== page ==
On the Canadian Supreme Court's same-sex marriage ruling
I'd just like to applaud the Canadian Supreme Court for making what I consider a swift, wise and judicious ruling on constitutionality of same-sex marriage and defending the cause of human rights and equality in Canada.
I haven't read the full ruling or opinions yet (this is all that is posted at time of writing), but in summary :
- Same-sex union is constitutional under the Canadian Charter of Rights and Freedoms
- The high court also recognizes the religious freedoms of those who may be opposed to the idea of same-sex marriages religiously, clergy and groups can not be compelled to perform those marriages
- Perhaps most importantly, the definition of marriage is a Federal responsibility and provinces are only concerned with the civil ceremonies surrounding the solemnizing of the union, thus preventing province's from invoking the notwithstanding clause (and knocking down Alberta's against same-sex union legislation)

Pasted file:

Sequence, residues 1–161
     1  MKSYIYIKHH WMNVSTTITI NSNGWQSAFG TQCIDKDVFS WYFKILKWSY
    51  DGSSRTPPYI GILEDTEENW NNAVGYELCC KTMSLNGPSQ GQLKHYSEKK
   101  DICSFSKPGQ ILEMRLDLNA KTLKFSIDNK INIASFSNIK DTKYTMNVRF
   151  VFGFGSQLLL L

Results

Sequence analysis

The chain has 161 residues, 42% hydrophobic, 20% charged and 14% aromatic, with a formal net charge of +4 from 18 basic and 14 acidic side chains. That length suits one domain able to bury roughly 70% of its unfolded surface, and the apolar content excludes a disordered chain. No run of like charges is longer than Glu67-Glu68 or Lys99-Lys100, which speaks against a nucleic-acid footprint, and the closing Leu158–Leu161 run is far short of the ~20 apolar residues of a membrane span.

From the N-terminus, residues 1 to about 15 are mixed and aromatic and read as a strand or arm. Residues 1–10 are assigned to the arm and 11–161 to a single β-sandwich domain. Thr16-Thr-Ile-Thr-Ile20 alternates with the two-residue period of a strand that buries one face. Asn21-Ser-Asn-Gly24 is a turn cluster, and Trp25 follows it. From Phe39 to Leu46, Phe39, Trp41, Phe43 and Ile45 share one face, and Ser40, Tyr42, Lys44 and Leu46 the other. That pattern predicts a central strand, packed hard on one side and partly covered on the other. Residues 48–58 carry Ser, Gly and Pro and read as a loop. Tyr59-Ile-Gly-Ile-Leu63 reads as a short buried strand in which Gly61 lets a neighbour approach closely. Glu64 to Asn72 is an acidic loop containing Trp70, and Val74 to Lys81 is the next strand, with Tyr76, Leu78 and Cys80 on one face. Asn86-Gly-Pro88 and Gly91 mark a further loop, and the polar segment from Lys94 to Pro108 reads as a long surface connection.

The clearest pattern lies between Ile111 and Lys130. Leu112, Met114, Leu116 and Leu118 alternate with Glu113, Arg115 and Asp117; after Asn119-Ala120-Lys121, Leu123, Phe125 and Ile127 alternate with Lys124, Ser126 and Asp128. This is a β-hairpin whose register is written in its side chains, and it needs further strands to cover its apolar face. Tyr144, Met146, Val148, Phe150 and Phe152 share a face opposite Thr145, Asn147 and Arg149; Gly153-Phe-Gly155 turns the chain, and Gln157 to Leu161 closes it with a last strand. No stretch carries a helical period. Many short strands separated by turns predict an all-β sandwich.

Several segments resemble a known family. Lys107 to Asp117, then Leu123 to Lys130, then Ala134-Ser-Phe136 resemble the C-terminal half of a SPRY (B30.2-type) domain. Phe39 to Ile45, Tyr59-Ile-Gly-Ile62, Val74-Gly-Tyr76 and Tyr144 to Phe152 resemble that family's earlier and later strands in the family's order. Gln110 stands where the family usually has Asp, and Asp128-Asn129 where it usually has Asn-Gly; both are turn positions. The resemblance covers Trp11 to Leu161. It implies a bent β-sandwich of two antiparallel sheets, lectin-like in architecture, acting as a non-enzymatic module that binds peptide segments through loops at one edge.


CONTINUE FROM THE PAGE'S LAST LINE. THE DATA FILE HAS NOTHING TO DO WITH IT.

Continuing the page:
- The Supreme Court did avoid ruling on the traditional definition of marriage as a union between a man and woman and punted that down to Parliament
The ruling now paves the way for Parliament to introduce same-sex marriage legislation (which the PM has announced will happen rapidly). If the legislation passes Parliament, this means that Canada would join the Netherlands and Belgium as the third progressive country where same-sex marriage is legally recognized by the state.
Some days it makes me very proud to be Canadian when I see this sort of seminal commitment to equality, justice and rights in this country. It is especially a marked contrast to the recent events by the religious right in the US trying to force through Constitutional amendments against gay marriage.